Welcome to the third and final instalment of our cardiovascular series. In part one you learnt why cardio training is important irrespective of why you do it, its importance stretches far beyond merely getting lean.
Throughout part two we discussed the two most common types- HIIT and LISS.
Now its time for the grand finale- let’s piece it all together. Let’s start in the beginning- you are looking to lose a little body fat and make a drastic improvement to overall health and performance. Your body is under stress and needs a little self-love and preparation before we get stuck in to the hard work.
Understandably, like most people you have probably been perched on the fence thinking about getting stuck into some training but haven’t quite got to it yet. Fortunately now is as good a time as ever to start and that is step one. Getting moving.
The focus when we finally get started should be on shifting from a sympathetic state (fight or flight) to a parasympathetic state (rest and digest). One of the ways we measure this is to work on simple markers such as resting heart rate and heart rate variability.
Breathing drills, meditation and yoga are all fine examples of ways to improve this- surprise surprise however, adding some conditioning into the mix is a sure-fire way to start seeing some healthy changes in these numbers.
Choose your form of exercise- your start point should dictate this as much as what you enjoy. If you are looking to drop quite a substantial amount of fat then perhaps starting with a low load bearing activity such as swimming or cycling may be a good start until your body is prepared to do the higher impact exercise of running.
Our friends at Muscle Nerds make a great point when it comes to how to structure your conditioning work. Initially they suggest front end loading it- meaning get stuck into it in the beginning. Do a lot to get the initial adaptations and then back it down to a more manageable amount.
Starting out you want to be keeping the heart rate around the 120-140/50 beats per minute mark. Once you go over that back it off a little until it drops back into the lower end of that range and then try and find the pace where you maintain your heart rate in that range.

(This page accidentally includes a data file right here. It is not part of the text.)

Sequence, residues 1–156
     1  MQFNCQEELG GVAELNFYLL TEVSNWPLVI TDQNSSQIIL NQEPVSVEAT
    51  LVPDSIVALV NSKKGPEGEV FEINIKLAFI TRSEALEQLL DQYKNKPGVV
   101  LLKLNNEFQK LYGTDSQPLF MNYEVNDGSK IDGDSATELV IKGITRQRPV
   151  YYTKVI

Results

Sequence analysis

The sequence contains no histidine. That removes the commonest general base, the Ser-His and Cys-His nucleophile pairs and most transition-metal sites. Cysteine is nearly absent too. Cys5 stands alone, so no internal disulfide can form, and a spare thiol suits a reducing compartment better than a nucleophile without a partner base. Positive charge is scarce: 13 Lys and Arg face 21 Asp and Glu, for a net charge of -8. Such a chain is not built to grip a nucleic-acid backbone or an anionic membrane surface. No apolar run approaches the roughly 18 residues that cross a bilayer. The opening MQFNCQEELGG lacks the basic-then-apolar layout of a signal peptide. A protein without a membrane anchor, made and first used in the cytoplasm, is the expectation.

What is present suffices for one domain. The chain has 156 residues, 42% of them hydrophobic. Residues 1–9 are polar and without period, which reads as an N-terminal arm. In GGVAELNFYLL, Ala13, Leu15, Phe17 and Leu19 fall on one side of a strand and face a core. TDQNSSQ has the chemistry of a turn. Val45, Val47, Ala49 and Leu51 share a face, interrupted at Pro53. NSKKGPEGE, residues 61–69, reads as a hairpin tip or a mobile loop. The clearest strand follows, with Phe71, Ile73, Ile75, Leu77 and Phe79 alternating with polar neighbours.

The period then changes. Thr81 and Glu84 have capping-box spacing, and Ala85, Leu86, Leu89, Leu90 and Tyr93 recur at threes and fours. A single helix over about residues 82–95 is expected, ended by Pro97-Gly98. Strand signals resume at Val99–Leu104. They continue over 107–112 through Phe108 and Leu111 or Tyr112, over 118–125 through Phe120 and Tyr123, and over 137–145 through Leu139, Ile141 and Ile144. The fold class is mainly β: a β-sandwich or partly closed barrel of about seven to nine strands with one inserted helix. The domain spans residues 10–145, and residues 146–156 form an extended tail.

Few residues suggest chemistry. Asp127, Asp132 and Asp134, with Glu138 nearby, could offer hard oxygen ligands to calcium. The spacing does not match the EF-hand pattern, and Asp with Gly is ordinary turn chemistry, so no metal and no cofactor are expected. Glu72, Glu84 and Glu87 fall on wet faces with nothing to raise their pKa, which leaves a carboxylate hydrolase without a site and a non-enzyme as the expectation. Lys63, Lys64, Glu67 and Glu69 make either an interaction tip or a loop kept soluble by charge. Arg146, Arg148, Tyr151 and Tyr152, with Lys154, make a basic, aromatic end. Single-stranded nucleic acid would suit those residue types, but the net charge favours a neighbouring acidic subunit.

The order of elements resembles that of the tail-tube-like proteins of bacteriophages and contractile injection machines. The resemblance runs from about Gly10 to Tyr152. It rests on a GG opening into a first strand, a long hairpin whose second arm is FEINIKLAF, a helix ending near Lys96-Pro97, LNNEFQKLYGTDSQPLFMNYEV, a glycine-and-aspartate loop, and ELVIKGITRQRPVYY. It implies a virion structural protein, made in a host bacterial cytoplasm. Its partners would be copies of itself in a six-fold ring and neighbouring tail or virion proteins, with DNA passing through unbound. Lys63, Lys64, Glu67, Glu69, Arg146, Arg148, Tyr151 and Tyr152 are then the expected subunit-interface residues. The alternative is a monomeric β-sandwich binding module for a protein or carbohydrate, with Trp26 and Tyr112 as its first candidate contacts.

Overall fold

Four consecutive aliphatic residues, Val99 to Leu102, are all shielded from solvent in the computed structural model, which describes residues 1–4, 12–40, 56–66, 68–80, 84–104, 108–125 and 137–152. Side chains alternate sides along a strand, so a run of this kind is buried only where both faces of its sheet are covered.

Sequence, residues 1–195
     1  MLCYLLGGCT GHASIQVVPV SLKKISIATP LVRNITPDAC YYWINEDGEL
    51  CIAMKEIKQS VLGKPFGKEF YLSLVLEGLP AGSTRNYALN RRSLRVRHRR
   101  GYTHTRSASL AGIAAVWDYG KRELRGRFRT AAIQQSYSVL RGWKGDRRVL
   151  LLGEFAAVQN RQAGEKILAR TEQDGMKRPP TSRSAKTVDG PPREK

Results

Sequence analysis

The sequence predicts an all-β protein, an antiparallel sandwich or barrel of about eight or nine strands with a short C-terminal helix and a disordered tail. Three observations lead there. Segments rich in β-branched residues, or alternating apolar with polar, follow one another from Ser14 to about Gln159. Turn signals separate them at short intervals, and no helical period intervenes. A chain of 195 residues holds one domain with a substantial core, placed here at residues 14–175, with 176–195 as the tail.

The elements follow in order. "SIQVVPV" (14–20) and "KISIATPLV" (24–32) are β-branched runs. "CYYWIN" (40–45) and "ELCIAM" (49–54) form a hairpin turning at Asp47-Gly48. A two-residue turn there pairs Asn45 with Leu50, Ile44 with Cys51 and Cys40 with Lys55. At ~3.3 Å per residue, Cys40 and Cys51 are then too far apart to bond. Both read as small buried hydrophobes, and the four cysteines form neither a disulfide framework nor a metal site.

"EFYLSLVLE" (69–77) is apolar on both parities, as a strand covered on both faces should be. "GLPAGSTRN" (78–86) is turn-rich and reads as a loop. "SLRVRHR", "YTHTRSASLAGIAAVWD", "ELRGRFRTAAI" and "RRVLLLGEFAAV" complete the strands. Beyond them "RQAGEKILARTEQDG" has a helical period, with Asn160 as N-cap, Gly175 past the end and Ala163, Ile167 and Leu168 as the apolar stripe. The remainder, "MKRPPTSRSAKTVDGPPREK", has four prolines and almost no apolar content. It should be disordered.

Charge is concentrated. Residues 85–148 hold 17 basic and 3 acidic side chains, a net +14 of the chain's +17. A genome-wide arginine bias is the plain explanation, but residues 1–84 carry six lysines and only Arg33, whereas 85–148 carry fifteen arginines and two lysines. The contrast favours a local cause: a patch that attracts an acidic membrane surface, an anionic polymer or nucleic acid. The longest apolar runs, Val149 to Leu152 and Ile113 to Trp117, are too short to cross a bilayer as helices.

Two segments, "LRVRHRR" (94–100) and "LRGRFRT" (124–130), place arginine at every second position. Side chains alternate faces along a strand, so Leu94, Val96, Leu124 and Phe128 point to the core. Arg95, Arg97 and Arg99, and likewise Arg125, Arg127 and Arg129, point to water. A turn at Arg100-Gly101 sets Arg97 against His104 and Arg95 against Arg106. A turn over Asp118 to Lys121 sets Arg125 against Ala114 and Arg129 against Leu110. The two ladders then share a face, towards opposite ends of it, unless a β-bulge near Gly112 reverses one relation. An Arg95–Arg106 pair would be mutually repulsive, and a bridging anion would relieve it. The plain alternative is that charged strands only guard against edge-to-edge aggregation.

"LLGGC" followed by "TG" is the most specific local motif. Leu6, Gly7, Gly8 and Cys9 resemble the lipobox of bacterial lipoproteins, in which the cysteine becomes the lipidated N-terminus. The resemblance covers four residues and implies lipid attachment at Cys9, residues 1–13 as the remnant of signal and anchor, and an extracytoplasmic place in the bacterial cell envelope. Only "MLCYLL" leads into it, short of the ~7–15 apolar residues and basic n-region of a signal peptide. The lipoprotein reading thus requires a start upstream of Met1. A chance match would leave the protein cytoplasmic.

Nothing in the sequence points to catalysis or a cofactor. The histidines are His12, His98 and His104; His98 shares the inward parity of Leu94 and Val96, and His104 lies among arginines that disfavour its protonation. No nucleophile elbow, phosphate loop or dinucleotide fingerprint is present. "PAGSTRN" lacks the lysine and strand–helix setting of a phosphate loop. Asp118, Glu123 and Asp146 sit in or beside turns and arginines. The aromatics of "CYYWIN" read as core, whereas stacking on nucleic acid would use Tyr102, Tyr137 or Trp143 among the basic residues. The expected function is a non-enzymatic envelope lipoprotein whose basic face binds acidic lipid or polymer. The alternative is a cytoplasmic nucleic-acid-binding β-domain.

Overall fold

Doing this two, three, four or five times a week for 45 all the way up to 90 mins per session (yes it sounds a lot- but remember we are not looking to turn you to a marathon runner, rather looking to get the cardiovascular adaptations quick smart).
It won’t take long and what was once a fast walk to get the heart rate close to 150, will now become a jog, or a fast jog even just to get to the 120bpm. As resting heart rate drops, so too will your recovery time. Meaning now to go from the higher end to the lower end won’t take long at all.
Keeping in mind this kind of work is very much steady state cardio (yeah I know- Booooo! Just think of the mad gains to come when your body is well prepared to work hard in the gym and recover).
Yay for you. Resting heart rate has dropped down, your HRV is climbing each week. The adaptations are finally happening.
Now it’s time to mix the intensity up a little bit as you start to increase the work you’re doing inside the gym too.
In terms of conditioning work you could now move to a more intense type of work but you can afford to drop the sessions back to maybe two a week depending on what other forms of training you are doing.
We recommend an aerobic power set which may be on the bike for example and (unfortunately) is a hard out twenty minutes of fast cycling. The heart rate can get a little higher on this one. Prepare to sweat.
Another option is some interval work, perhaps a little different from what you would expect. Using jogging for example you may do some sets where we time it on work:rest, initially working on 1:1.5 and build up to 1:1. If it takes you 3 minutes to run a 400m lap of the oval, take 4.5 minutes and eventually build to 3 minutes. Once you do an interval where you have a large drop (for example 3:00 mins, 3:10, 3:15, 3:30, 3:33, 4:15) that’s your time to back it off.
Your sessions are now becoming shorter but as a result a little more intense.
The final step here is to now start to up the intensity in the gym. Yes this means your HIIT training and metabolic conditioning work.
However I would strongly suggest if your training goal is overall health, that you don’t treat cardiovascular training merely as medicine. Taking it while you need it but once you don’t, stopping.
Of course back it off, but keep it in your program. The health adaptations and endorphin release alone are well worth the work.
Now it's time to let the real results roll in.
Until next time,
The Hybrid Team